Is there a difference between a visionary and a leader in an organization? If you posed the question to a C-suite professional who’s led by a so-called “visionary leader,” they might say that a visionary and a leader are one in the same; any individual can exhibit both qualities. While this is certainly true, those gifted with both vision and discipline are rare, and they’re often more well known for being controversial figures.

In this article, we’ll take a closer look at modern-day examples of both visionaries and leaders, along with some dynamic duos. We’ll also discuss some of the key differences between the two types of executives and their personalities. Recognizing both the differences and similarities can help you better understand the leadership dynamics at play in your own organization.

Visionary Leaders

Visionaries are exceptional creative forces who bring forward ideas to change the world. They see the potential of what could be, rather than what is. They are creators, inventors, and often entrepreneurs. While they’re undoubtedly talented, they are often perceived as idiosyncratic or capricious.

Take, for instance, Steve Jobs. It’s been well documented that he could be dictatorial, difficult, and even mean-spirited. However, Jobs had a clear vision, a passion for Apple, and the competence and magnetism that was needed to  inspire trust in a brand that frequently bucked convention. Ultimately it was Jobs’s creative vision that allowed him to return to his role as Apple CEO in 1997 after departing the company in 1985.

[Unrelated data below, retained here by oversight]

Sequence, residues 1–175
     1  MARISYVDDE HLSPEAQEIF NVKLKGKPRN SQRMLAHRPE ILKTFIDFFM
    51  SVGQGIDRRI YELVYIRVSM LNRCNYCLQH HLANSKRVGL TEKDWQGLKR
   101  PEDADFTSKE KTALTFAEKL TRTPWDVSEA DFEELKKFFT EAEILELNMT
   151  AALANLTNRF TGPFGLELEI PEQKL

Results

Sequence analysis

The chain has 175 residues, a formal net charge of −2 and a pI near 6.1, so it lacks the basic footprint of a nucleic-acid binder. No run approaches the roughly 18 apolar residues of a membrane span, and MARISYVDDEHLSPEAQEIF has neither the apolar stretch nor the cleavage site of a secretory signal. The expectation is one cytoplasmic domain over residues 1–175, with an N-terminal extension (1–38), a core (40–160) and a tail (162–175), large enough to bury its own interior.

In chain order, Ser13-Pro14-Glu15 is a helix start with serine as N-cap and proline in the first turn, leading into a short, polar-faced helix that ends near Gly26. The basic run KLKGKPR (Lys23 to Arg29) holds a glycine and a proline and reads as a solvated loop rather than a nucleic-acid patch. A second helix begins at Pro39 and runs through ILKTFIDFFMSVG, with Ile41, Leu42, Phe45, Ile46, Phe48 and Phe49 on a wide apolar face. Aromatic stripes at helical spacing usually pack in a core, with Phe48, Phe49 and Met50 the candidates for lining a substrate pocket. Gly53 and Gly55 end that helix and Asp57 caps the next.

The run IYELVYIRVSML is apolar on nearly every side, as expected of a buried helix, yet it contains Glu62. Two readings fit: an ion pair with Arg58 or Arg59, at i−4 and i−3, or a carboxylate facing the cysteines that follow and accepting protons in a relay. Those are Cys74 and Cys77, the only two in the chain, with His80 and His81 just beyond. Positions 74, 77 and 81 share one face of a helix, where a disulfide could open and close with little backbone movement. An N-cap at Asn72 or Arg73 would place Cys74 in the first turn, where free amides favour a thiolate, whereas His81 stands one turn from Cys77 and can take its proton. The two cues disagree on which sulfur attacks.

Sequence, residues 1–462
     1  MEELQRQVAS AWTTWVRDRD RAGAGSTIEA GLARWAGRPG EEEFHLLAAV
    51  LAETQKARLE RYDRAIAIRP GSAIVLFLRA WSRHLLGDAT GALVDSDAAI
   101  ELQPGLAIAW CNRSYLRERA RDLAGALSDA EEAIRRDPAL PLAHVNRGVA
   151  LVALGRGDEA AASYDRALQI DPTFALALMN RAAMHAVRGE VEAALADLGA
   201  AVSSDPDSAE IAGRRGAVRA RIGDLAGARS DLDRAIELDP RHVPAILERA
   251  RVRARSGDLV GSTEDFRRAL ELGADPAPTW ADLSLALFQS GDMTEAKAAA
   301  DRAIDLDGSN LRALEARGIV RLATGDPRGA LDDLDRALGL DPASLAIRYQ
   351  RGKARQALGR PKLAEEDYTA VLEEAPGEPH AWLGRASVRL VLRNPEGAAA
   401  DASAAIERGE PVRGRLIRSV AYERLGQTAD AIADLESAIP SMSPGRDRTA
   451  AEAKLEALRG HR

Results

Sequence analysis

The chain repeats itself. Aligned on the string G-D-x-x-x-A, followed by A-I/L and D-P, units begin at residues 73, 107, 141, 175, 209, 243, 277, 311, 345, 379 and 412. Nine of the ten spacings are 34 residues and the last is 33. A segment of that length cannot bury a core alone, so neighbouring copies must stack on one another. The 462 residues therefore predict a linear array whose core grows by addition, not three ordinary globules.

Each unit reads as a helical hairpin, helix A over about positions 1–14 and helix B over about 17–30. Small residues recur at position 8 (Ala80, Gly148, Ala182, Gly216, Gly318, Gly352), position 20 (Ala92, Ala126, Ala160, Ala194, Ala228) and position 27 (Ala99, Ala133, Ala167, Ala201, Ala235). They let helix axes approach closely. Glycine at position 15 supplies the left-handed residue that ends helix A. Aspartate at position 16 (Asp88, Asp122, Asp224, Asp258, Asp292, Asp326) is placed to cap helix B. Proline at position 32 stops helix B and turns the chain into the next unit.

Visionaries can be prone to making unilateral decisions, sometimes lacking empathy for how those decisions may impact others in the organization. For instance, in 2018, Elon Musk tweeted that he was considering taking Tesla private. His hasty action resulted in a public relations and legal nightmare for the company. Musk followed that up with an appearance on a podcast, in which he smoked a cigar consisting of tobacco laced with cannabis and spoke about recreational drug use. The incident fueled rumors about his unstable behavior and resulted in a drop of Tesla’s stock price. Given the enormous success and innovation of Tesla and SpaceX, it may be going too far to call Elon Musk’s leadership style “failed leadership,” but it’s impossible to deny that his unilateral approach occasionally hurts Tesla’s position.

Then there’s Mark Zuckerberg, who remains chairman, CEO, and controlling shareholder of Facebook, the company he launched in his Harvard dorm room in 2004. While he’s a passionate creative, Zuckerberg is also able to recognize his weaknesses alongside his strengths. A great example of his approach is the hiring of COO Sheryl Sanderg, who brings balance to the organization with her disciplined ability to execute on Zuckerberg’s vision. Facebook has seen its share of ups and downs and controversies in recent years, but Sandberg remains Zuckerberg’s loyal teammate who drives stability in the turbulent social media landscape.

As evident in these examples, visionaries are often colorful personalities who are put in leadership positions because they are the inventors; however, their leadership and execution skills are not always aligned with what an organization needs to sustain stable growth. This is an important takeaway for your own organization. Not every company is inventing new social media platforms or commercial space rockets, but every market-leading company needs innovation alongside the ability to execute creative ideas. By definition, companies that lean on formula and tradition can only ever achieve moderate standings in their industry–they will never lead it. But the companies who are subject to the whims of the difficult genius also suffer for it due to a lack of execution. For execution expertise, look to leaders who can share a creative vision.

Leaders vs. Visionaries